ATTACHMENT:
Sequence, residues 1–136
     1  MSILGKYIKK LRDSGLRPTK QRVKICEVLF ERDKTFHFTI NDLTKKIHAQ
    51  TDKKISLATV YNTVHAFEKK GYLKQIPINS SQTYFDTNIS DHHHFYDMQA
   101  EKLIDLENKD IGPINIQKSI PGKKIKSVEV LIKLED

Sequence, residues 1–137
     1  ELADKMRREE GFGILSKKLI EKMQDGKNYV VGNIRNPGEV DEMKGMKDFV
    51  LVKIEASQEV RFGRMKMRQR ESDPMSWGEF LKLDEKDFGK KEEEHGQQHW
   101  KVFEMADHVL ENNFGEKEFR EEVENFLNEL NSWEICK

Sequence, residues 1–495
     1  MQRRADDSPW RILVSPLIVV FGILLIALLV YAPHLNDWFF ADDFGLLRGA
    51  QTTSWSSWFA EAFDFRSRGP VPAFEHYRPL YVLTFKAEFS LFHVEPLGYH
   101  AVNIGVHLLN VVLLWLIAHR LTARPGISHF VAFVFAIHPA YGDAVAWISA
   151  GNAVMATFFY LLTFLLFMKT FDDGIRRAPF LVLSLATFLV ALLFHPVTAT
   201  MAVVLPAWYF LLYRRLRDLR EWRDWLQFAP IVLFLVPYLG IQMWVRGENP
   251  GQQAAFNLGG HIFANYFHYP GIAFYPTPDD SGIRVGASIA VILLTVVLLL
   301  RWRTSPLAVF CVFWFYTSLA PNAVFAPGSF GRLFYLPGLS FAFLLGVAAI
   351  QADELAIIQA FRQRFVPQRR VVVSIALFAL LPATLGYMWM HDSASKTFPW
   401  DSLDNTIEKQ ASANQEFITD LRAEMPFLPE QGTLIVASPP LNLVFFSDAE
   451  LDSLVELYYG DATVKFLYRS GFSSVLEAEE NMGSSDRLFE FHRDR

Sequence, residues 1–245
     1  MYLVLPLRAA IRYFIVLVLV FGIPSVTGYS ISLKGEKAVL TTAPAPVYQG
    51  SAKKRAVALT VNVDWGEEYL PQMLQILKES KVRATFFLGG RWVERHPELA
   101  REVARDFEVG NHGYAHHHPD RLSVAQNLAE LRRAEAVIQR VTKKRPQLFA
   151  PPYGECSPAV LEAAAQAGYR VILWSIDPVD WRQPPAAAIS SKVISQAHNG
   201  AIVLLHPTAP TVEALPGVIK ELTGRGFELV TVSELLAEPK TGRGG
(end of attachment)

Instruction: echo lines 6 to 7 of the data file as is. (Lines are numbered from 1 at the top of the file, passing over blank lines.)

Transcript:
     1  ELADKMRREE GFGILSKKLI EKMQDGKNYV VGNIRNPGEV DEMKGMKDFV
    51  LVKIEASQEV RFGRMKMRQR ESDPMSWGEF LKLDEKDFGK KEEEHGQQHW